9 comments:

  1. if you use salt to dehydrate brinjals, wouldn't it suck out all the vitamins too ? seems no point in eating it then ..

    ReplyDelete
  2. Okay now you made me have to google. (not complaining lol but I was curious) As it turns out salt curing like this doesn't decrease nutritional value. It does however prevent spoiling and reduces the chance of unhealthy bacteria growing in the food. This of course doesn't matter for the brinjl since it won't spoil in 30 minutes but I still found that interesting.

    A long time ago this was actually a valid way of preparing food for storage so people wouldn't starve to death during the off season and the method is still used for curing meat and veggies (known as processed food) though when commercially done it takes enzymes out of the food that our body needs (because they also add chemicals with the salt). Fascinating stuff.

    ReplyDelete
  3. makes sense. a large amount of vitamins in a vegetable is in the skin. and curing by salt presumably doesn't affect the skin ... so not much loss of nutritional value.

    the Indian way of cooking by peeling all the vegetables irritate me no end for precisely this reason. even the veggies which need never be peeled like carrots and radishes are peeled before cooking. ... we eat just the roughage of veggies it seems. no difference if we just munch grass. and where the roughage (fiber) should be really eaten (eg in wheat, rice) we seem to refine them out of all the real nutrients. yuck !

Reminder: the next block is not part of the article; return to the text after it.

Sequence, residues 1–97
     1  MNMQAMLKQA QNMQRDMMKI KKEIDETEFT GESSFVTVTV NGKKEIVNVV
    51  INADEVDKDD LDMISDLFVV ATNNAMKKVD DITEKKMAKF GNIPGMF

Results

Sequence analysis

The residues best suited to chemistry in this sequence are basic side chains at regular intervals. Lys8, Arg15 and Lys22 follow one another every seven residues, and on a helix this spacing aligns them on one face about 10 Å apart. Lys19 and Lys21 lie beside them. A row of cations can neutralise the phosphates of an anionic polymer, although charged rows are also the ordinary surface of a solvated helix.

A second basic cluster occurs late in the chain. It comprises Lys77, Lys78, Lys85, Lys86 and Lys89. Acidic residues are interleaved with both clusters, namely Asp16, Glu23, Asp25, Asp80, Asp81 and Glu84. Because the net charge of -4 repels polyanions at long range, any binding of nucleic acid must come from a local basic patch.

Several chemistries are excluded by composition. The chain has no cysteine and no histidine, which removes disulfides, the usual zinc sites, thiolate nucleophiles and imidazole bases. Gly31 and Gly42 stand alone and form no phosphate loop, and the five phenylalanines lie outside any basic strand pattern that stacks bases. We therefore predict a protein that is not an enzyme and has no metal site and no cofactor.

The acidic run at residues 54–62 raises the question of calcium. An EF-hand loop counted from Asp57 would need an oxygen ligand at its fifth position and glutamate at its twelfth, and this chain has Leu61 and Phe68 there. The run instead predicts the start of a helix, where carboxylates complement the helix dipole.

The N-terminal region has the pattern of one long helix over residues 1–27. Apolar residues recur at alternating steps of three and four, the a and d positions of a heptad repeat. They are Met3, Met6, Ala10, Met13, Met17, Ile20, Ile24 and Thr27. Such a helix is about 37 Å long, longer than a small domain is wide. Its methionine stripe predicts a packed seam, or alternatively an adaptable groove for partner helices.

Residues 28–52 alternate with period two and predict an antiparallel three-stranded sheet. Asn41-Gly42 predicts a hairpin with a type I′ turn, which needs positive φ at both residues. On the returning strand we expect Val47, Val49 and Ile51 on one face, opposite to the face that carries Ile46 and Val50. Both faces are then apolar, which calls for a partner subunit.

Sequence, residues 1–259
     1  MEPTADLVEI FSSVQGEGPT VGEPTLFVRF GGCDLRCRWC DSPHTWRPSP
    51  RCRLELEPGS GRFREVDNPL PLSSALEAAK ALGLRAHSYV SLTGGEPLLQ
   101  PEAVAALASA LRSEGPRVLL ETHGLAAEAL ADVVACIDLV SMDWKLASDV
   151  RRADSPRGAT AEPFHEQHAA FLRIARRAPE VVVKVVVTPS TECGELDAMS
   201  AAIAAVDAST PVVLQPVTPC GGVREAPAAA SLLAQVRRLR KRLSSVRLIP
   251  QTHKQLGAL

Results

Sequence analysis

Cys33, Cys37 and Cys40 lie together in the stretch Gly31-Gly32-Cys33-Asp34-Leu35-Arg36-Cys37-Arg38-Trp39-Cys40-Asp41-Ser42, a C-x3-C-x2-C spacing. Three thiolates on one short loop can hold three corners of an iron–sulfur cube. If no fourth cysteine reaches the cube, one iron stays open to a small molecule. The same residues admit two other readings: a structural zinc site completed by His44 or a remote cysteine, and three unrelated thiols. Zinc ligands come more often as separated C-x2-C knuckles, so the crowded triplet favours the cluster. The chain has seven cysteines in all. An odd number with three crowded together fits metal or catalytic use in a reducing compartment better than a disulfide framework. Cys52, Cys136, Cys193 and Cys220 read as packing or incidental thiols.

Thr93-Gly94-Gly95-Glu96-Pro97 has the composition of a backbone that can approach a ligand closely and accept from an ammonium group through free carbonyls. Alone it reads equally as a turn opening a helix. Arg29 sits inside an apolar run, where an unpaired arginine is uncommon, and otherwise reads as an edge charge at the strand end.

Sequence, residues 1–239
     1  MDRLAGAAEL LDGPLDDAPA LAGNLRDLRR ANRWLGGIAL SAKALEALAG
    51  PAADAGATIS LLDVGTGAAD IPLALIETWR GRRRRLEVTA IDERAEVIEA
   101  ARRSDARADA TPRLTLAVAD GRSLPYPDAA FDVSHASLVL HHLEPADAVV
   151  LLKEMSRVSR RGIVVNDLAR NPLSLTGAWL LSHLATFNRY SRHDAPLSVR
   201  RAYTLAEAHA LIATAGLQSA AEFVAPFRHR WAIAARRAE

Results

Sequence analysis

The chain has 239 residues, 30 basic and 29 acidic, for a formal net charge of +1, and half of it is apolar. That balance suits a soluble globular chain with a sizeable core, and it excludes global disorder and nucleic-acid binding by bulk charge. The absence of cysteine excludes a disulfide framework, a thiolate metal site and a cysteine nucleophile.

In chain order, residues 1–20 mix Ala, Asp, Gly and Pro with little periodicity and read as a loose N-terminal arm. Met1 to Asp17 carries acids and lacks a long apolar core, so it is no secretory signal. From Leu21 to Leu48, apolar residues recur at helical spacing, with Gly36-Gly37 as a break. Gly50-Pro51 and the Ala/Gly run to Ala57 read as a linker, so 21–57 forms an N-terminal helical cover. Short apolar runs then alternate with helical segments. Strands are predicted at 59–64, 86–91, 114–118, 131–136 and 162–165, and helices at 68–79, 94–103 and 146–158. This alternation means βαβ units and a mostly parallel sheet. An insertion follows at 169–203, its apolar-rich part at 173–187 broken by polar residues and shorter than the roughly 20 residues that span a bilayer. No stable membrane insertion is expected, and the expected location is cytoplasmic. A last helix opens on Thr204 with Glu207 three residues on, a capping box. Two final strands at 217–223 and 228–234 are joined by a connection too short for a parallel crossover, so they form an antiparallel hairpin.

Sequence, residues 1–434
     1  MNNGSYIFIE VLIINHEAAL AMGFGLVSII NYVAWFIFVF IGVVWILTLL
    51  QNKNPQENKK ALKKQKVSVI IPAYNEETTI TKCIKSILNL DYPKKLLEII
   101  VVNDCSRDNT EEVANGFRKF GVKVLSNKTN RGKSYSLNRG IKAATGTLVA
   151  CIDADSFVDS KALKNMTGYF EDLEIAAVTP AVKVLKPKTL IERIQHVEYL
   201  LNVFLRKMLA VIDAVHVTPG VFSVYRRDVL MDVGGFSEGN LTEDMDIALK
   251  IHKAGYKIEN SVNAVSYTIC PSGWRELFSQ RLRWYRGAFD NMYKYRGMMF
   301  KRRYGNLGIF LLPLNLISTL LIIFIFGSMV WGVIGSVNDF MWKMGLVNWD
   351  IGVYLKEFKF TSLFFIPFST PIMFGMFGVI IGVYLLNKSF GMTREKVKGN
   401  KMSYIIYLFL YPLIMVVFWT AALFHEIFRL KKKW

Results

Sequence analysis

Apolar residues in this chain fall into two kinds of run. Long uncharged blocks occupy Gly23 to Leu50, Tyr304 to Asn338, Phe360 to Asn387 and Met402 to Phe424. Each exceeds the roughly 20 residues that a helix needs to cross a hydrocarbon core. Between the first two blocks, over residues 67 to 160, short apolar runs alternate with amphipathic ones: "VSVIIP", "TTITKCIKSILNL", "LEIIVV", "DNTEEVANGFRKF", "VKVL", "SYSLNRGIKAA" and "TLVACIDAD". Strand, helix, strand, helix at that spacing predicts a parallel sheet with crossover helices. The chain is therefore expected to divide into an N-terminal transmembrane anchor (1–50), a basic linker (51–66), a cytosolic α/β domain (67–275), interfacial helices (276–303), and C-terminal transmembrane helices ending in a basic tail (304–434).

ReplyDelete
  4. You and I have similar tastes in food then. I rarely peel anything, including potatoes and I eat brown rice and wheat grains because I like them better as well. I don't understand why some people cook vegetables to death or strip away all the good parts either, it's not as good for you and makes cooking more difficult than it has to be.

    ReplyDelete
  5. This is such a cute post. How nice that A. you and your MIL cook together and B. she observes and enjoys learning new things. I haven't changed any habits in my husband's family but I have managed to cut down his intake of red meat and in the process reduced his bad cholesterol by 100! Needless to say, I am thrilled :) :)

    ReplyDelete
  6. Bringing down his cholesterol is huge! Do you have him taking any garlic supplements or anything? Those are supposed to be good for helping lower cholesterol as well. I worry about my hubby sometimes because even though he's taking to some of the new foods and doesn't care if I change the oil and such he's still addicted to junk foods and he loves his greasy, ghee covered foods too much. I have him taking the garlic already and he doesn't even have high cholesterol.

    ReplyDelete
  7. That's really sweet.

    ReplyDelete
  8. Sorry about the late response. I was on vacation :)

    Okay so I didn't have him take any supplements. He ate oatmeal (in soy milk) for breakfast every morning and went for a 5 - 8 mile run almost every day. He also drastically cut down his meat intake and eliminated red meat altogether. But I must say that he only made these changes because the doctor threatened to put him on Lipitor!!!! He's only 30 and didn't want such strong medication. He's now lost 30 lbs, gained muscle, reduced his body fat % to 12 and looks 5 years younger :)

    ReplyDelete
  9. That's fantastic then! Hope he keeps up the good work.

    ReplyDelete